Nutritional support can be easily provided by syringe feeding Leadbeater’s formula, Smart HPW (Vets Pride; Nashville, TN) and/or commercial insectivore diet gruel
Any fractures present should be stabilized using external coaptation techniques.
Clinical signs and dietary history are often enough to develop a strong clinical suspicion. Use additional testing to confirm your suspicions.
Obtain a detailed history that includes information on patient diet and husbandry:
- What is the diet offered?
- What does the sugar glider actually eat and in what proportions?
- Is vitamin-mineral supplementation provided?
- Are insects “gut-loaded” or fed a calcium-rich diet prior to feeding?
- Describe the cage setup in detail including cage size and the materials used to construct the cage. Galvanized wire incorporates zinc and lead components.
- What is the cage substrate? The aromatic oils in cedar and pine shavings can be toxic.
- Are there cats in the household? (If the answer is yes, this pushes toxoplasmosis higher on the differential diagnosis list.)
- Has the glider been reluctant to move? Has it missed landings, bounced off walls, or fallen frequently?
- Describe the glider’s appetite and water intake.
Hands off examination
Careful visual exam should gather as much information as possible including:
- Degree of mental alertness
- Ability to grip with all four feet
- Truncal lift
- Gait: Is lameness observed? Does the sugar glider drag its pelvis and/or tail?
Healthy sugar gliders normally vocalize extensively when restrained. Obtain a body weight using a gram scale (Table 3), and measure vitals.
|Table 3. Average body weights in sugar gliders|
- The normal heart rate is 200 to 300 beats per minute.
- Cloacal temperature is typically 89.6°F (32°C). Ness recommends gently directing the thermometer dorsally into the rectum. Rectal temperature is typically about 97.3°F (36.3°C).
- In addition to normal skin turgor over the dorsum, the hydrated sugar glider should display good elasticity of the patagium or gliding membrane.
- Palpate the limbs and joints. Closely inspect the toes.
- The semi-prehensile tail should display tone.
- Evaluate body condition. Malnutrition can lead to obesity, weight loss, blindness, cataracts, and alopecia.
- Evaluate proprioception, tail and toe pinch, and the righting reflex.
- Assessment of spinal reflexes is difficult to impossible since sugar gliders tend to cling to the handler while resisting limb or joint manipulation (Ness).
- Palpate along the spine for lumps, bumps, or deviations.
Common causes of metabolic bone disease (MBD) include diets rich in calcium-deficient fruits and insects and improper calcium: phosphorus ratios. Since sugar gliders are nocturnal, gastrointestinal absorption of vitamin D3 is much more important than full-spectrum light (Johnson 2008).
Less common causes of MBD include disease processes that interfere with normal vitamin D metabolism such as renal, liver or gastrointestinal problems, as well as thyroid or parathyroid disease.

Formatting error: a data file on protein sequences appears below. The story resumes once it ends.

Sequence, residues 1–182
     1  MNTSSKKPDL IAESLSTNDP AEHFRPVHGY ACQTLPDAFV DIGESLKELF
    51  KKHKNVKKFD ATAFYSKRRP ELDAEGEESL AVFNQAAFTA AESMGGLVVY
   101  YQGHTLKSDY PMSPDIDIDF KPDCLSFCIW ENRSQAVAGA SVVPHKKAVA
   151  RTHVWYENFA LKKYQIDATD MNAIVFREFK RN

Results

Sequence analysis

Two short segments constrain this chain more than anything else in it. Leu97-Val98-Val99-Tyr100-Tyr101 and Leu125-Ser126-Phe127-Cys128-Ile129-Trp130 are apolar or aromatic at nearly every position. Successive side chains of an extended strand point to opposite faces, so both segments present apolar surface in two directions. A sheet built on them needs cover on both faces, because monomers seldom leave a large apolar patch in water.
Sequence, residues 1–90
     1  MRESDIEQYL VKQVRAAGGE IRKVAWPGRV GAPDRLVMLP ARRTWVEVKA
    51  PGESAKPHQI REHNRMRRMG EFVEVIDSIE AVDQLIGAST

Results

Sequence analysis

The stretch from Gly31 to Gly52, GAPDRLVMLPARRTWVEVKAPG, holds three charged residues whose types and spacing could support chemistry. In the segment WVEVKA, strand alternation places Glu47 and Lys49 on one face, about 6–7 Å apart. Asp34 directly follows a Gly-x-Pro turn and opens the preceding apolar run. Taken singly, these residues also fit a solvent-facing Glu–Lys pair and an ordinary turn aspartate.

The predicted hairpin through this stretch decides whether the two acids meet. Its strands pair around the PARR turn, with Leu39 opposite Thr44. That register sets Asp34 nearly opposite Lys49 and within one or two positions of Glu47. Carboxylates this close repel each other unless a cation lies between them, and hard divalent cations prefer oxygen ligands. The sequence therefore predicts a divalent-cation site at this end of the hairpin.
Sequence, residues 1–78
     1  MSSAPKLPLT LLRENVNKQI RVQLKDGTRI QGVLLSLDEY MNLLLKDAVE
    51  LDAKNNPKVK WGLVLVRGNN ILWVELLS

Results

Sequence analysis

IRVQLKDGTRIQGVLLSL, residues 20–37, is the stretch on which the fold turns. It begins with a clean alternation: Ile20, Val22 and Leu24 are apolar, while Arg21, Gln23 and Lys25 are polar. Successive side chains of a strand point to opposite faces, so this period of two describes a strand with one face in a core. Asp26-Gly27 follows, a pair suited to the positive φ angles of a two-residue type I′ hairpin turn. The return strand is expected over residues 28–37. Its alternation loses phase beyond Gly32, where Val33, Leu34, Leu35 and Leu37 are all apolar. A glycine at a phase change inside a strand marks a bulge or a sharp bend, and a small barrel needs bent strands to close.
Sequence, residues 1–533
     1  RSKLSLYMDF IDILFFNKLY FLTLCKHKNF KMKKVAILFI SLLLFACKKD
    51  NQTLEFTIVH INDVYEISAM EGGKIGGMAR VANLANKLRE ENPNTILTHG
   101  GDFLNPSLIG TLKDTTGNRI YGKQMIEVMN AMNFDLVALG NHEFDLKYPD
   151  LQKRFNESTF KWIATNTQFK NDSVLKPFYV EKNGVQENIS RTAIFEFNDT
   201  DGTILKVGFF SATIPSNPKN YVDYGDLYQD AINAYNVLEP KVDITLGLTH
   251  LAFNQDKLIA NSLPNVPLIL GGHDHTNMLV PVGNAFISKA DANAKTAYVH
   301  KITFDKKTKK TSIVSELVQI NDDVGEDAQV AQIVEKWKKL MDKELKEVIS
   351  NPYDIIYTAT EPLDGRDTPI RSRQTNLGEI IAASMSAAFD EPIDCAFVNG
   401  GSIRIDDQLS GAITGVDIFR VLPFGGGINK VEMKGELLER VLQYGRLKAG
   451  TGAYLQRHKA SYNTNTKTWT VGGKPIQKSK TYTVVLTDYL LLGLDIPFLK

Other important potential causes of weakness or neurologic deficits in the sugar glider include hypoglycemia, toxic exposure, or trauma (Table 4).
|Table 4. Potential causes of weakness and neurologic deficits in the sugar glider*|
|*The most important differentials are bolded.|
A newly emerging condition that causes neurologic signs in sugar gliders is called “Involuntary Tremoring Syndrome”. Affected gliders are typically young (3-6 months of age). The cause of this syndrome does not appear to be congenital or husbandry-related because affected sugar gliders are from a wide range of sources and are fed a variety of diets considered acceptable. Organic and inorganic toxicity related to cage wiring is one of the prevalent theories. Onset of neurologic signs is acute and can progress to death within days.
- Venipuncture can be challenging and is not always possible until the patient is warm and rehydrated. Whenever possible perform a complete biochemistry panel and complete blood count. Although hypocalcemia and hyperphosphatemia are classic findings in metabolic bone disease, plasma or ionized calcium and phosphorus levels can be within normal limits in early, even symptomatic, cases. Other common findings in the sugar glider with malnutrition can include hypoproteinemia and anemia.If only a small blood sample can be collected, measure blood calcium and phosphorus levels. If anything else is available, make a blood smear and fill a microhematocrit tube to measure packed cell volume and total protein.
- Use survey radiographs to evaluate bone quality and assess the patient for the presence of fractures.It may be possible to radiograph conscious gliders when they are severely debilitated. In other patients, administer light inhalant anesthesia using isoflurane or sevoflurane or sedate with midazolam (0.05-0.35 mg/kg IM) (Lennox, Ness).
Management of nutritional secondary hyperparathyroidism is described above, and relies upon calcium administration and supportive care. If there is no response to calcium, consider treatments used in the management of tremor syndrome.
- Move the sugar glider to a new cage.
- Continue aggressive supportive care.
- Administer injectable vitamin B complex 0.01 ml SC (0.01-0.02 ml/kg IM) while the glider is anesthetized or diluted.
- Additional medications tried have include heavy metal chelation (calcium EDTA 25 mg/kg SC BID x 5d), prednisone (1 mg/kg PO SID x 7d, then taper), and/or metronidazole (15 mg/kg PO SID x 14d).
The majority of animals affected with this syndrome improve after the cage environment is changed and aggressive supportive care is provided. Visit the Association of Sugar Glider Veterinarians website for additional advice.
Injectable vitamin E/selenium (10 IU/kg) can also be administered to sugar gliders when hypovitaminosis E is suspected (Pye 2009).
The prognosis for nutritional secondary hyperparathyroidism is best when disease is recognized early. Advanced cases can be fatal since the patient may not respond to treatment.